…In an industry not known for its permanence, it is perhaps no surprise that the Great Movie Ride is no more — its replacement, Mickey and Minnie’s Runaway Railway, opened this week — but Feige’s comments cut to the importance of not only remembering but also safeguarding our past. The value of pop art, and how revered and inspirational it can be to its audience, is arguably directly proportional to the care with which we treat it. At least that’s a core thesis of a new Disney-themed exhibit opening at Orange County’s Bowers Museum, which aims to look not only at Disney’s history but the art of conservancy itself.
For 50 years, the Walt Disney Archives has amassed one of Hollywood’s most extensive corporate histories, a collection that ranges from company memos — the initial contract for the silent 1920s Alice Comedies — to figurines from, yes, the recently retired Great Movie Ride. That Alice Comedies contract, as well as a xenomorph from “Alien,” which was once housed in that Walt Disney World attraction, are part of the expansive “Inside the Walt Disney Archives: 50 Years of Preserving the Magic,” an exhibit opening this weekend and continuing through Aug. 30 at Santa Ana’s Bowers Museum.
[Friday] night, SpaceX launched its first generation Dragon capsule on its twentieth — and final — resupply run to the International Space Station.
The launch marks the Dragon’s last mission as the capsule makes way for SpaceX’s updated and improved Dragon 2 capsule, which will begin making resupply runs to the space station in October.
Alongside cargo to resupply the ISS, the Dragon will be bringing along payloads for experimental research aboard the space station. Including an Adidas experiment to see how it can manufacture midsoles in space; a project from the faucet maker, Delta, to see how water droplets form in zero gravity; and Emulate is sending up an organ-on-a-chip to examine how microgravity affects intestinal immune cells and how heart tissue can be cultured in space.
SpaceX launched another cargo mission to the International Space Station Friday, successfully landing the flight’s rocket booster for the 50th time in the last five years, the Associated Press reported.
The rocket lifted off to a countdown and cheers from an audience at SpaceX’s headquarters in California, but the largest cheers came for the successful landing of the rocket’s first-stage booster. After falling away from the Dragon capsule, the “Falcon 9” touched back down on the landing pad, amid flashes of bright light and smoke.
“And the Falcon has landed for the 50th time in SpaceX history!” announced lead engineer Jessica Anderson on a livestream from SpaceX HQ.
A peckish pig who swallowed a pedometer ended up sparking a fire in its pen.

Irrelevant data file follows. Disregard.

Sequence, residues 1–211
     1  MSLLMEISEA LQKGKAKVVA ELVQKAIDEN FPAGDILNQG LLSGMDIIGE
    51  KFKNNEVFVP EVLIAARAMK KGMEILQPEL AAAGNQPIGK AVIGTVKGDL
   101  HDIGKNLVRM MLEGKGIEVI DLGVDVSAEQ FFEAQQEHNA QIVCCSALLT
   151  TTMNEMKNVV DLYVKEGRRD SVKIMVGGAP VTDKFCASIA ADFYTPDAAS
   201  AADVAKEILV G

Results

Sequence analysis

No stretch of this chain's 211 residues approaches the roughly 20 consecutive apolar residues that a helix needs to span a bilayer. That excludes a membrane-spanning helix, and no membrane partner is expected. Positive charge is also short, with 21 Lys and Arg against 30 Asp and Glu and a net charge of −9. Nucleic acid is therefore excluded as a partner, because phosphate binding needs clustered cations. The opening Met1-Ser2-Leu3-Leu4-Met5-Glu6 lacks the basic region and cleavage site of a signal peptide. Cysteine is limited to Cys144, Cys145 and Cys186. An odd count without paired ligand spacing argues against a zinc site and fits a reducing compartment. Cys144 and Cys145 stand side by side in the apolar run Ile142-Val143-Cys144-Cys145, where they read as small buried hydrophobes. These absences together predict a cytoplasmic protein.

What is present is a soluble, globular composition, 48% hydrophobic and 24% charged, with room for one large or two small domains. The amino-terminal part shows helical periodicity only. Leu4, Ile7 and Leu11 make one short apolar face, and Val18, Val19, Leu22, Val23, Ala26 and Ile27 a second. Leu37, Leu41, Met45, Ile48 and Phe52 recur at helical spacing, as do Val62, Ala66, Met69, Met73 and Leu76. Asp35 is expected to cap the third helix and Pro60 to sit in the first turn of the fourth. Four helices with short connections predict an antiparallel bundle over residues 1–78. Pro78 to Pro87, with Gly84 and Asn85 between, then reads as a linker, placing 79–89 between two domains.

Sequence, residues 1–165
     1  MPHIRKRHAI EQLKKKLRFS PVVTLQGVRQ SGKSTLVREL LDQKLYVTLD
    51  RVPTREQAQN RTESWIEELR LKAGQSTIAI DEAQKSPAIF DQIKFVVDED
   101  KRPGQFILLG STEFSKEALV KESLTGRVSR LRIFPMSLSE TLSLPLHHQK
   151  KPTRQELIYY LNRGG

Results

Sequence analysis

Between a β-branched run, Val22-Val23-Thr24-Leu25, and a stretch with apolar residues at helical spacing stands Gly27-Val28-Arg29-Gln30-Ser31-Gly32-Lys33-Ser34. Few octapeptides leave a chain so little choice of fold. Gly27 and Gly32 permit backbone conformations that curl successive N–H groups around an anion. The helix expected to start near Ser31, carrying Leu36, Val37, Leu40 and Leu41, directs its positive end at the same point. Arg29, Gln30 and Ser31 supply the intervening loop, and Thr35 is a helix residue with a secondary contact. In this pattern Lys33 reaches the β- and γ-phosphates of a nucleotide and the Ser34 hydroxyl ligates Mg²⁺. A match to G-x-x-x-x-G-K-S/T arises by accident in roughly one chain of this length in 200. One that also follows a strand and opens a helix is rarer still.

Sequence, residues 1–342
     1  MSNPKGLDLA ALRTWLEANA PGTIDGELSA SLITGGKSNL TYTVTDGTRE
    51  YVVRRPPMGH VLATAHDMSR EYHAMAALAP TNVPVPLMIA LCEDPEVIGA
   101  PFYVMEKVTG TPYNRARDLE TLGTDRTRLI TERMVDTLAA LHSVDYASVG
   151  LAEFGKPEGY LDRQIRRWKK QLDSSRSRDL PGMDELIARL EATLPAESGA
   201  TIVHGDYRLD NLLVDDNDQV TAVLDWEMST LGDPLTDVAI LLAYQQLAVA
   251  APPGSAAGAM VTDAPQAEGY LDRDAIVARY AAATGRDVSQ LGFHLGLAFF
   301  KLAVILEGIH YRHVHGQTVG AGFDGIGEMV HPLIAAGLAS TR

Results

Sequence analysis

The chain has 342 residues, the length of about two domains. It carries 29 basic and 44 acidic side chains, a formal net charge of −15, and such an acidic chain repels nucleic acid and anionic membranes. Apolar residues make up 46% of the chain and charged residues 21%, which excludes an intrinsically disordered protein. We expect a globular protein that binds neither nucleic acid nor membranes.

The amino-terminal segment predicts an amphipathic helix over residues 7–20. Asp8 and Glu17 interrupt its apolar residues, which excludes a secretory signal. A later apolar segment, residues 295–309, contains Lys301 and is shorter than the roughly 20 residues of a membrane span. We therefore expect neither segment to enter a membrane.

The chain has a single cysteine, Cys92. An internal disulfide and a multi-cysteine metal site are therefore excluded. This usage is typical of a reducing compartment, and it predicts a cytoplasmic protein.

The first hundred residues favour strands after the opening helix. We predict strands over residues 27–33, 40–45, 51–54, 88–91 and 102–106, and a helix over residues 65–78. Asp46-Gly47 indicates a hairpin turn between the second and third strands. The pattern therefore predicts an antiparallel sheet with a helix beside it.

Fire crews were called to a farm near Bramham, Leeds, at about 14:00 GMT on Saturday after copper from the pedometer’s batteries apparently reacted with the pig’s excrement and dry bedding.
The pedometers were being used on pigs to prove they were free-range. No pigs or people were hurt in the fire.
North Yorkshire Fire and Rescue Service said it had gone to “save the bacon”.
(17) THE BAT CAPITAL. [Item by Mike Kennedy.] And here everybody thought Gotham was a stand in for NYC.
Turns out it was London all along. ComicBook.com is there when “Epic Batman Statue Debuts in London”
DC Comics just debuted an epic new Batman statue in Leicester Square. They posted about the monument to the superhero on Facebook with an image of the Caped Crusader looking down on the populace. The detailing on this piece looks very intricate with the muscle work, utility belt, and cowl deserving special shout outs. The post also calls back to Batman Day when the company made Bat-Signals all across the world in different cities. London was on the list of places that got the light show…
A lot of fans have big hopes for Matt Reeves’ The Batman next year. They believe it could give them a fresh take on the character that will stand shoulder-to-shoulder with the other movie version of the hero.
“It’s very much a point of view-driven, noir Batman tale. It’s told very squarely on his shoulders, and I hope it’s going to be a story that will be thrilling but also emotional,” Reeves said to THR. “It’s more Batman in his detective mode than we’ve seen in the films. The comics have a history of that. He’s supposed to be the world’s greatest detective, and that’s not necessarily been a part of what the movies have been. I’d love this to be one where when we go on that journey of tracking down the criminals and trying to solve a crime, it’s going to allow his character to have an arc so that he can go through a transformation.”
(18) 007 VIDEO OF THE DAY. [Item by Martin Morse
Wooster.] Saturday Night Live host Daniel Craig of course talked about playing James Bond in the opening
monologue. He also played a purported clip from No Time To Die.
It’s really funny!
[Thanks to Martin Morse Wooster, JJ, Mike Kennedy, Chip Hitchcock, Cat Eldridge, Michael Toman, John King Tarpinian, SF Concatenation’s Jonathan Cowie, Darrah Chavey, Contrarius, and Andrew Porter for some of these stories. Title credit goes to File 770 contributing editor of the day Daniel Dern.]